US Helps Disrupt UN Meeting on Policies for Growing Youth and Aging Populations

Deliberations at the 50th session of the Commission on Population and Development (CPD) ended on Friday, April 7, without a resolution addressing the theme of “Changing Age Structures and Sustainable Development.” The resolution would have committed governments to adopt population and development policies that meet the needs of the largest ever cohort of young people and also the growing numbers of older persons, while addressing gender equality and women’s and girls’ human rights.

Qatari Ambassador Alya bint Ahmed Al Thani, Chair of the Commission, issued a chair’s text on the last morning of the meeting, after 10 days of intense negotiations. The text represented the views expressed by most of the governments that participated in the negotiations: that universal access to sexual and reproductive health services, comprehensive sexuality education for adolescents and youth, and protecting all people’s reproductive rights remained critical strategies for development. Ambassador Thani withdrew her proposal after the United States and some countries within the African Group (a regional bloc representing 52 African countries), in particular Egypt, Comoros, Cameroon, and Djibouti, sought to have major sections of the text deleted.

The United States, which had earlier in the week eliminated all of its funding to the United Nations Population Fund (UNFPA), went as far as to object to commitments to ensure that women had access to “the widest possible range of safe, effective, affordable and acceptable methods of family planning, including long-acting contraceptives and male and female condoms.” The US also sought to delete references to comprehensive sexuality education and to limit commitments to provide comprehensive sexual and reproductive health services and to protect reproductive rights.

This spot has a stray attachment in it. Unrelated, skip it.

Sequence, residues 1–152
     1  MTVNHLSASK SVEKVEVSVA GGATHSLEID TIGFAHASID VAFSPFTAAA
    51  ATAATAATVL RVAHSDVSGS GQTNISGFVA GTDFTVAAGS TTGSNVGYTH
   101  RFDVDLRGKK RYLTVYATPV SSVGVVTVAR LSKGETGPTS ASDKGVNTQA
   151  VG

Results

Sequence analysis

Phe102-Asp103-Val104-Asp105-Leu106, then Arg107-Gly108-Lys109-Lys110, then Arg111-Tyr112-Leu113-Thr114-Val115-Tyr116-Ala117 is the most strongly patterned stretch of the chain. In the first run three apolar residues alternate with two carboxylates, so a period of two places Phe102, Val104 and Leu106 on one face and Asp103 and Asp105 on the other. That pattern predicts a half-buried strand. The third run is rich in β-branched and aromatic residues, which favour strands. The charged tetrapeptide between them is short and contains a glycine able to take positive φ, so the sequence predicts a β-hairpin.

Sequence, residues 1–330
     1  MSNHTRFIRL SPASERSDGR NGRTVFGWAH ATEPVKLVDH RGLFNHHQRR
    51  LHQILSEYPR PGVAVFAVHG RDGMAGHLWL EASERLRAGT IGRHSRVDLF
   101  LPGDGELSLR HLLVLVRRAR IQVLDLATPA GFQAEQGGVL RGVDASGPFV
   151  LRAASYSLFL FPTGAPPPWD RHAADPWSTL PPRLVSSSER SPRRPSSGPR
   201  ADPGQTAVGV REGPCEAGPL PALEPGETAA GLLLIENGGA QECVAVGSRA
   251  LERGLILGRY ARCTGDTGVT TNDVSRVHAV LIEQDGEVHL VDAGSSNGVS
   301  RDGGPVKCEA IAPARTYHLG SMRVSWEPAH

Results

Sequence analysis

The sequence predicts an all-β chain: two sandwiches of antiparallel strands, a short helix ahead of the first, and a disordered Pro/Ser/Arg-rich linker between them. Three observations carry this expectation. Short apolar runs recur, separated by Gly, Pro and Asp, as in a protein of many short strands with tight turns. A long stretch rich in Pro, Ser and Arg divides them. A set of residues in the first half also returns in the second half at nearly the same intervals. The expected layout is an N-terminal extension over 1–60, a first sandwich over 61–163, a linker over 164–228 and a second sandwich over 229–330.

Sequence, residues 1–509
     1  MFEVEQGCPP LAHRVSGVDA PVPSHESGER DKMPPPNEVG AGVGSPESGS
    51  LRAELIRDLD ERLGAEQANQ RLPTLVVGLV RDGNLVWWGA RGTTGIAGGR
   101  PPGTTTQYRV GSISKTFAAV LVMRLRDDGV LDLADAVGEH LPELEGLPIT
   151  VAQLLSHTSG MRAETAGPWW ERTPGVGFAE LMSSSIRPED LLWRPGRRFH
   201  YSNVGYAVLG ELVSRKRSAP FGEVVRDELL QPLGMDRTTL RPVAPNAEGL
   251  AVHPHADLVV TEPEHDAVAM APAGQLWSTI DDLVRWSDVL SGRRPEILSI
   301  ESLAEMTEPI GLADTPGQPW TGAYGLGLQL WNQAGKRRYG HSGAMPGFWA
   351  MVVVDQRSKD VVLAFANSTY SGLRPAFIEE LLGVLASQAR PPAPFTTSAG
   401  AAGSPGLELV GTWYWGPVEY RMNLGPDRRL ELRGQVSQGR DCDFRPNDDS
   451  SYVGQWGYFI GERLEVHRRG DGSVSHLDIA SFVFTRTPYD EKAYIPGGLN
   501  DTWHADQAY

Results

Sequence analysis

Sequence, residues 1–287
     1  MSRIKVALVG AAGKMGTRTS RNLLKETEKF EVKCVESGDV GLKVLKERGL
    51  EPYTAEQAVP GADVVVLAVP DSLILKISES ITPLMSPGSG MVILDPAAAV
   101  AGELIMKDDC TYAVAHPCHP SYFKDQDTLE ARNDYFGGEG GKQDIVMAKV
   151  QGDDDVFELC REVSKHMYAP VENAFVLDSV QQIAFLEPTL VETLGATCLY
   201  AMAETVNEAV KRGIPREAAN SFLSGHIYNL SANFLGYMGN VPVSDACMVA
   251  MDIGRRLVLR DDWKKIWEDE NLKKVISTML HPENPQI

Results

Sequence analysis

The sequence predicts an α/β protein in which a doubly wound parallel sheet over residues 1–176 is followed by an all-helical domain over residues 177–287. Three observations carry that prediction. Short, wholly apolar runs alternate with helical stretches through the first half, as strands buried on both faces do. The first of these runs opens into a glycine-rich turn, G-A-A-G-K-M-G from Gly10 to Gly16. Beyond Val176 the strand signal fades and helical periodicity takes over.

Throughout the negotiations on the draft resolution, the United States had also sided with the Vatican, Russia, and others to remove references to sexual rights, as well as to the need to address unsafe abortion as a major cause of maternal mortality and to train and equip health care workers to provide access to safe, legal abortion services.

A cross-regional group of 31 countries issued a statement after the chair’s text was withdrawn, decrying the attempts of a handful of countries to roll back fundamental human rights and block approval of the resolution. “We firmly believe that the full realization of all human rights, including sexual and reproductive health and rights, achieving gender equality, and the empowerment of women and girls are essential for addressing changing population age structures, eradicating poverty, and achieving sustainable development for all,” said Fabienne Bartoli of the French government, who delivered the statement. South Africa, Tunisia, and a group of Latin American countries also read strong statements of support for the chair’s efforts and for sexual and reproductive health and rights.

The policies proposed in the blocked resolution are crucial to secure a stable and fruitful future for young people and adolescents and create the conditions where all people, including women and girls, can achieve their full potential. By rejecting these policies and siding with the likes of the Vatican, Russia, and Egypt, the United States is now taking positions on sexual and reproductive health and rights that are counter to global norms established through United Nations conferences and agreements.

IWHC attended the Commission on Population and Development, held April 3 to 7, with advocates from the International Sexual and Reproductive Rights Caucus, representing more than 100 nonprofit organizations from 50 countries, advocating for the sexual and rights of women, girls, and young people around the world. The Commission on Population and Development is the forum at the United Nations charged with overseeing implementation of the landmark Programme of Action of the International Conference on Population and Development and the outcomes of its reviews.

Photo: Jason Dickert

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